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Table of Contents

Executive Smarts
Consider the following chapter list your dim sum menu.
Any sequence of chapters, in any combination, will work.
And most chapters take no more than five minutes to read.

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To help navigate the chapters, use the section headings:

Section 1: Leadership and Personal Effectiveness
Section 2: Planning and Execution
Section 3: Projects and Initiatives
Section 4: Organizational Culture and Change
Section 5: Innovation
Section 6: Organizational Structure



Leadership Transition: Leave Your Campsite Better Than You Found It
Leaders who are transitioning out of their jobs need to learn a simple morality about what to leave behind

Slow Courage and Doing the Right Thing
Even in organizations that reward the wrong things, people with slow courage do the right things

How to Take Charge
It’s tough being the new boss. Here are twelve tips for making it easier.

The Formula for Good Judgment (and the Cure for Bad Judgment)
There are two kinds of bad judgment. Oddly, if you combine them, you get good judgment.

How Not to Derail Your Climb Up the Corporate Ladder
When climbing up the corporate ladder, there are lots of ways to shoot yourself in the foot. Here are a half dozen of the ones to be most careful about.

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Are Goals Dangerous?
Some people say that goals drive bad outcomes. We counter that the right strategic thinking before writing goals makes them a powerful force for good.

A Clear Success? You Bet!
The “bar bet” test may be all you ever need to know about making your strategic outcomes clear and measurable.

Strategic Assumptions
Strategic assumptions underlie the “why” of any strategy; they flesh out the logic of a plan. But most planners either state no assumptions or state the wrong ones. Here are ten rules for getting it right.

Accomplish More with Less
It’s commonly held that you should aim for effectiveness before you aim for efficiency, which is correct. But even before that, figure out what you’re trying to accomplish.

The Three C’s of Accountability
“It’s an accountability problem,” is a diagnosis that doesn’t always lead to a useful prescription. Here are the three ingredients to both effective diagnosis and cure.

How to Make Strategy Review = Strategy Execution
The annual strategic planning meeting doesn’t create the right “drumbeat” for execution, but the right kind of regular strategy review meetings do.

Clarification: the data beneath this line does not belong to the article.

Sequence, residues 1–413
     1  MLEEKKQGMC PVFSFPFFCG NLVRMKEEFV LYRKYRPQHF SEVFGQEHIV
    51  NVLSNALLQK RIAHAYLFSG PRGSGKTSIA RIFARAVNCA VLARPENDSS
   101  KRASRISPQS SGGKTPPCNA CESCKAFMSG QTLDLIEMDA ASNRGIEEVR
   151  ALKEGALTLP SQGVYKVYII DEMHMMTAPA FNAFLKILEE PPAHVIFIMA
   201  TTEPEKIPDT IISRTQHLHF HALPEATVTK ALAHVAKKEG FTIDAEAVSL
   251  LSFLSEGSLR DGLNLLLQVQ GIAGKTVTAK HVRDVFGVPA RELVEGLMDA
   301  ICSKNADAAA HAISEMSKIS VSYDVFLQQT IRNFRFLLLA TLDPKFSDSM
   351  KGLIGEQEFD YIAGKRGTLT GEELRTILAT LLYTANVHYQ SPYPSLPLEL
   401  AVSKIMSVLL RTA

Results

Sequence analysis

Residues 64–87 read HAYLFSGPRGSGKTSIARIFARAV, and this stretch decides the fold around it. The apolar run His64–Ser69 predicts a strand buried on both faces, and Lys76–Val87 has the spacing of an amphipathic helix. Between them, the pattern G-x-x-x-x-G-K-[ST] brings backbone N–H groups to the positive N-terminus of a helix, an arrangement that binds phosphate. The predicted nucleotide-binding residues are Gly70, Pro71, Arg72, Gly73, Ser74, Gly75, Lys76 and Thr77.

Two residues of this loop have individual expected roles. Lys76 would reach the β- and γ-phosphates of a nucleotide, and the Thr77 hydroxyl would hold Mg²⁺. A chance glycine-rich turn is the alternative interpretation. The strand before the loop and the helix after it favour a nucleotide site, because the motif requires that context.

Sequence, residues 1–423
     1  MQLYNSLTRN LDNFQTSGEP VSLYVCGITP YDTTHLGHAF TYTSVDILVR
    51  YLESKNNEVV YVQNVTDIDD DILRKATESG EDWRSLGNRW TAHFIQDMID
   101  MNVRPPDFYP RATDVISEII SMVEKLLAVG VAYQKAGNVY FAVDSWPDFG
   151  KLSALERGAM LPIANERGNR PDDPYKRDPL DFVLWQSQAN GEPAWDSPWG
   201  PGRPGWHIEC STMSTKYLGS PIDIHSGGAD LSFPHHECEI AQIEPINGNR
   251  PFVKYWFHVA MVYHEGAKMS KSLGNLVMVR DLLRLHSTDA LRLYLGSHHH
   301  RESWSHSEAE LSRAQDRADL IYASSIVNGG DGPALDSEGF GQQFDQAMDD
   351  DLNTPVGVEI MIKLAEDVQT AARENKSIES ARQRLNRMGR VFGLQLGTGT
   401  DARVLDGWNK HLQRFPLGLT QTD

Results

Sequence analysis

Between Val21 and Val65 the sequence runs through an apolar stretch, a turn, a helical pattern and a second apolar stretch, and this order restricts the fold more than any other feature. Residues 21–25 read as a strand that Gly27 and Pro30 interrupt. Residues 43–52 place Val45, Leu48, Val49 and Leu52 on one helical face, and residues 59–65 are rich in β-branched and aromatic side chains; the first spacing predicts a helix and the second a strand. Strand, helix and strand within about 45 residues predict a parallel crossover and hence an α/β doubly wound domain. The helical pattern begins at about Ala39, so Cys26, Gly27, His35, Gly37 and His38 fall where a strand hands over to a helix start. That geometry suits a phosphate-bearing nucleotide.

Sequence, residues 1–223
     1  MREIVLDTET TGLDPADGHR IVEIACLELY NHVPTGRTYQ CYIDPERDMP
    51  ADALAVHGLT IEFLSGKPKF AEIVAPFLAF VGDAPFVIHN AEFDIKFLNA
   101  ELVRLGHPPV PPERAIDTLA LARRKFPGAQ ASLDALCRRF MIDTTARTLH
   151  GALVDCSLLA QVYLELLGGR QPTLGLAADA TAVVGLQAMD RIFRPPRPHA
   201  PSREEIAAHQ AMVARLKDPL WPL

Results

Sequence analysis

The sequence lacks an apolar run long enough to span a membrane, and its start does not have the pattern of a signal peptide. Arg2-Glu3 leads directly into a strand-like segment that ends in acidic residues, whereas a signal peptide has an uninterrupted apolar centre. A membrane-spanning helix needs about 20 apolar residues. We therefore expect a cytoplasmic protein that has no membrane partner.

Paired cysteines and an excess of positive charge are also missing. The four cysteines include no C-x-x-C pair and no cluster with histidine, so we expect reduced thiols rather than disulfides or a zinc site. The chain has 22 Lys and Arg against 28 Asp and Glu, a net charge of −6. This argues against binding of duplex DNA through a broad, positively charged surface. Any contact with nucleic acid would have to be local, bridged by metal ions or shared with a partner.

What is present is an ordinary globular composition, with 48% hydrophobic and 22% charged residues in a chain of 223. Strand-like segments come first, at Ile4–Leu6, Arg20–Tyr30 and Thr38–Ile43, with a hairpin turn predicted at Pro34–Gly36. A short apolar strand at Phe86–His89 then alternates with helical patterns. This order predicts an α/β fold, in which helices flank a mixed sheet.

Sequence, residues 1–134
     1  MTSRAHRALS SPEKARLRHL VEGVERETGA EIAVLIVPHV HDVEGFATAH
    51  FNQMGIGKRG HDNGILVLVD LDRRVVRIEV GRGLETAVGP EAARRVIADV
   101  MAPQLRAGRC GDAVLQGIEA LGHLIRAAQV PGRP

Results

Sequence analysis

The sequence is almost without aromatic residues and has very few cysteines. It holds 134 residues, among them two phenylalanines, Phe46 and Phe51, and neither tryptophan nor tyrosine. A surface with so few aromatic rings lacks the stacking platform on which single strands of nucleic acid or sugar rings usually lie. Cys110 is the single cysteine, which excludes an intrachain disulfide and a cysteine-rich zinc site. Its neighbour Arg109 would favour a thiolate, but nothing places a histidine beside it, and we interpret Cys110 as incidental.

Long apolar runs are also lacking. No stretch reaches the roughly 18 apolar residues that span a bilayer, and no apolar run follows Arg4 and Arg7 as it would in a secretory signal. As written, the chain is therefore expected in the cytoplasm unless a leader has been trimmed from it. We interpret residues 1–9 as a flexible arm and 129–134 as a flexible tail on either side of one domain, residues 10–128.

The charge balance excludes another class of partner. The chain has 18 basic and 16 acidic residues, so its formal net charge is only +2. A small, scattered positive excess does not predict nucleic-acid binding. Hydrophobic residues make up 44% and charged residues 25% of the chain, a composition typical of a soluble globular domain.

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Strategic Project Control Starts with Asking the Right Questions
If you are a project executive who must manage multiple project managers, then these incisive questions will help you stay in control

Cross-Functional or Dysfunctional? Keys to Getting Those Big Initiatives Right
“Zombies,” “Unguided missiles,” “Cesspools,” and “Boneless Chickens” describe the various kinds of dysfunctional cross-functional teams. Here’s the remedy for each.

Tips for Managing Projects More Effectively
Once you know when you’ve got a project on your hands (many managers don’t), here are some quick tips for making sure it succeeds.

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Five Steps to Build a More Response-able Organization
There are two kinds of people: those who admire problems and those who solve them. Here’s how to create an organization composed of the latter.

Create a Culture of Candor
It’s good news when bad news can make it to the top. Here are seven ways to make sure that happens in your organization.

Organizational Change — Getting Everybody on Board
Even a little change can seem big to the people who bear the burden of that change. Here are some pointers for helping employees move gracefully through change.

Transformational Levers for Big Organizational Change
“MICE ROAR” is our eight-point checklist for planning big organizational changes.

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When Failure Leads to Innovation, and When It Doesn’t
“Failure leads to innovation” is a cliché. Sometimes it’s right and sometimes it’s not. How to guarantee that failure propels you forward, not downward.

We Can All Play in the “Innovation Sandbox”
Radical innovation requires some radical conditions. Here’s what they are.

Lessons Learned about Lessons Learned
Like in school, lessons not learned are flunked. And then repeated. Here’s how to ensure that lessons are learned and applied.

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Restructuring Requires Smart Tactics
Smart strategy should drive an organizational restructuring. But smart tactics are how you make the strategy work. Here are four vital ones.

Accountability without Authority: How to Drive Employees Crazy
The NAG Syndrome (No Authority Gauntlet) is how to drive a good employee over the edge. Here’s how to recognize the syndrome, and how to avoid it.

Matrix Management — and Three Rules That Make It Actually Work
“Matrix Management” can lead to disaster, or it can be a brilliant organizational structure. With a little field research, we learned how to make it the latter.

On Head Chopping
Staff reductions are always difficult, emotional moves. But they can also be smart moves, if you do them right. Here are some guidelines.

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